18 December 2018- Jan P. De Ruiter: Seminar
Modeling the mystery of iconic gesture
When people produce spontaneous speech, they usually make hand movements that appear to be semantically related to the topic of their talk. These hand movements are called speech-accompanying gestures, or gesticulation, and they are very different than the hand movements of the sign language of the deaf. There are distinct types of speech-accompanying gestures, and the most intriguing type is the so-called iconic gesture. Iconic gestures are special because they do not have a conventionalized form-to-meaning mapping, like most of our communicative signals do. I will talk about a number of puzzles and controversies surrounding iconic gestures: What is their function? How are they generated? What is their relation to the simultaneously produced speech? And last but not least: how to incorporate them in cognitive models of communication?
Jan (J.P.) de Ruiter is a cognitive scientist whose primary research focus is on the cognitive foundations of human communication. After receiving his PhD from Radboud University Nijmegen (The Netherlands), J.P. de Ruiter worked at the Department of Social Psychology at the University of Cologne (Germany), and at the Max Planck Institute for Psycholinguistic in Nijmegen, where he coordinated an institute project on Multimodal Interaction. From 2009 to 2016 he was the Chair for Psycholinguistics at Bielefeld University (Germany). At present, J.P. de Ruiter is the Bridge Professor in the Cognitive Sciences at Tufts University (Medford, Massachusetts), with a double appointment at the departments of Computer Science and Psychology.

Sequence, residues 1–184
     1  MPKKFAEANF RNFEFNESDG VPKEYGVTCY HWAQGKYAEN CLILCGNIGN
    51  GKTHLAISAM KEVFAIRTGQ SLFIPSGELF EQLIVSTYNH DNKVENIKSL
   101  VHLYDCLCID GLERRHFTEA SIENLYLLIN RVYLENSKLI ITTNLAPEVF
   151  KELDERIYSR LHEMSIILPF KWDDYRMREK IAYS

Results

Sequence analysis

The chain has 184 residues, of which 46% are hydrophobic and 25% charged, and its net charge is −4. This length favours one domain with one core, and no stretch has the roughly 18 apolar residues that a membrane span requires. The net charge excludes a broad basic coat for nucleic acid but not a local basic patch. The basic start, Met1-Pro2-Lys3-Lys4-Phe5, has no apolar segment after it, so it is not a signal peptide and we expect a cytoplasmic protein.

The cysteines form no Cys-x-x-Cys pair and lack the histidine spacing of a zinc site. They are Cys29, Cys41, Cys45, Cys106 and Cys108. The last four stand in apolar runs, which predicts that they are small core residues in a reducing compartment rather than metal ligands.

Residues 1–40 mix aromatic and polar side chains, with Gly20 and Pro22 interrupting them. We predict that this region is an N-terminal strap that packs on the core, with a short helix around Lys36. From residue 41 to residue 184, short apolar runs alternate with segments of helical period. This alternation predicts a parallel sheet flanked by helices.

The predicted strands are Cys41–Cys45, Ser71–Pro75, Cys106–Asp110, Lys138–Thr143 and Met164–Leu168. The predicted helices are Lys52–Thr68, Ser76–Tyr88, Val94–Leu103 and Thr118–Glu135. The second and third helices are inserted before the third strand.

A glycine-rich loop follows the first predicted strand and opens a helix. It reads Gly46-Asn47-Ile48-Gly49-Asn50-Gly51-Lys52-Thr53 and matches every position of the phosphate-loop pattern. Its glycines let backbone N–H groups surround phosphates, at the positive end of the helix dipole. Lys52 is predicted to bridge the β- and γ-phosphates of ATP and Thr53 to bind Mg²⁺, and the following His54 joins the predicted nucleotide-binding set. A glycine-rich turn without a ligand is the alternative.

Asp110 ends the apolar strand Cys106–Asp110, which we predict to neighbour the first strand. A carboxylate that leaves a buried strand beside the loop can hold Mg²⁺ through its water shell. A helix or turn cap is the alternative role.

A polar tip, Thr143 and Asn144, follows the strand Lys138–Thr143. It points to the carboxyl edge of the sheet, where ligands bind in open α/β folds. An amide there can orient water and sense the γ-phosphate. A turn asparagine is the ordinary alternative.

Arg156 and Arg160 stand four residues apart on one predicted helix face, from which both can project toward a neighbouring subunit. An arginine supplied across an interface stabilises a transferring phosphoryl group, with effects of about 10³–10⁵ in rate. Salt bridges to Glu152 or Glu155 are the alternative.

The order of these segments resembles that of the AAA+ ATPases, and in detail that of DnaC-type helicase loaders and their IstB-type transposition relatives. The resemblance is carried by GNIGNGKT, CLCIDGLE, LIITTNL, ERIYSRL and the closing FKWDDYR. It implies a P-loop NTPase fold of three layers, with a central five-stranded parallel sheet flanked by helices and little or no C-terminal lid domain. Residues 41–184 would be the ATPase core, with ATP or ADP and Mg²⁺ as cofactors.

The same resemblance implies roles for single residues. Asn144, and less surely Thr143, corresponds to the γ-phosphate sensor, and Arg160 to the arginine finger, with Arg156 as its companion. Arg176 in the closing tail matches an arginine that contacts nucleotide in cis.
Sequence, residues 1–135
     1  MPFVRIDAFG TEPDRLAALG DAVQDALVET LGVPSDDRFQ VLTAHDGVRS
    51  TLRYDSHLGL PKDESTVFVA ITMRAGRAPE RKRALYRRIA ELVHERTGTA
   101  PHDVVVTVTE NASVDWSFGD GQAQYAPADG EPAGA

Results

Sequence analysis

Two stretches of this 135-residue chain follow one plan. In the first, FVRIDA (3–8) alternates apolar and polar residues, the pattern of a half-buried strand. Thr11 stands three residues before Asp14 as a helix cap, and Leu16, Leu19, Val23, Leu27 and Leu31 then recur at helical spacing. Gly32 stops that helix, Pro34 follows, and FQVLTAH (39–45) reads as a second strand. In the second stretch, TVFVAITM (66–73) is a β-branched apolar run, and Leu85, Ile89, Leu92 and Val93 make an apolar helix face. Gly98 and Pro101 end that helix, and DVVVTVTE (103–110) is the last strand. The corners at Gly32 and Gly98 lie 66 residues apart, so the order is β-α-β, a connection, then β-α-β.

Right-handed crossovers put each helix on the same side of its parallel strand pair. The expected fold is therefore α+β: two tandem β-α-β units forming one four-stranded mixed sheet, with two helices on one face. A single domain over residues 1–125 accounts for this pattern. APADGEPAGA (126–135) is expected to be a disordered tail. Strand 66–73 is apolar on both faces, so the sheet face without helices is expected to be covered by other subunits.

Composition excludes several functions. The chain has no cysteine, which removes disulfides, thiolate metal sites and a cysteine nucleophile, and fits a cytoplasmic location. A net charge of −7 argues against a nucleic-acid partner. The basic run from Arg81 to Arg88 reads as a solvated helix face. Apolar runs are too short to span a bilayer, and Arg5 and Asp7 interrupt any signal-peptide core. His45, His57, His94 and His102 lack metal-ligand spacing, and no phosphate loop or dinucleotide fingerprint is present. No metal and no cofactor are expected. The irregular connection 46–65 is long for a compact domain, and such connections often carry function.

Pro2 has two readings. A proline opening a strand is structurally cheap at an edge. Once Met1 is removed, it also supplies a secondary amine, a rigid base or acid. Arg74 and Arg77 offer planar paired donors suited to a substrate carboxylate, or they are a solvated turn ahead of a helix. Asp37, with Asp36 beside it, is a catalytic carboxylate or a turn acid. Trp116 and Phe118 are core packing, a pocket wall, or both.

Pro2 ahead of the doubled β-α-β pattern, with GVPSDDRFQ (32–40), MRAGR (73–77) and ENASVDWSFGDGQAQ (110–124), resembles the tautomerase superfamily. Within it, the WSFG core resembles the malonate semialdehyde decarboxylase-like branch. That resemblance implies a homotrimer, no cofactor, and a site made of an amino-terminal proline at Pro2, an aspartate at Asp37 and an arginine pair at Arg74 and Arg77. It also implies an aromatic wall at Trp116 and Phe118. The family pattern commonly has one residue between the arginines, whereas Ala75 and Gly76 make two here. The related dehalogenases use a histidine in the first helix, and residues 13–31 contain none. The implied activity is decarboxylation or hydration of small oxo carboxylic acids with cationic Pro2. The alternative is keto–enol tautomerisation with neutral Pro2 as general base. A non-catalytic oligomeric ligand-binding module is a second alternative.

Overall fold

J.P. de Ruiter works on human gesture, conversational turn-taking, multimodal communication, intention recognition, and the cognitive science of misunderstanding. He has published in linguistic, psycholinguistic, methodological, neurocognitive, and cognitive-psychological journals. His interests include conversation analysis, philosophy of science, artificial intelligence, and inferential statistics. He has initiated and/or been involved in several large-scale European and US projects in social robotics, focusing on collaborative interaction between humans and artificial systems.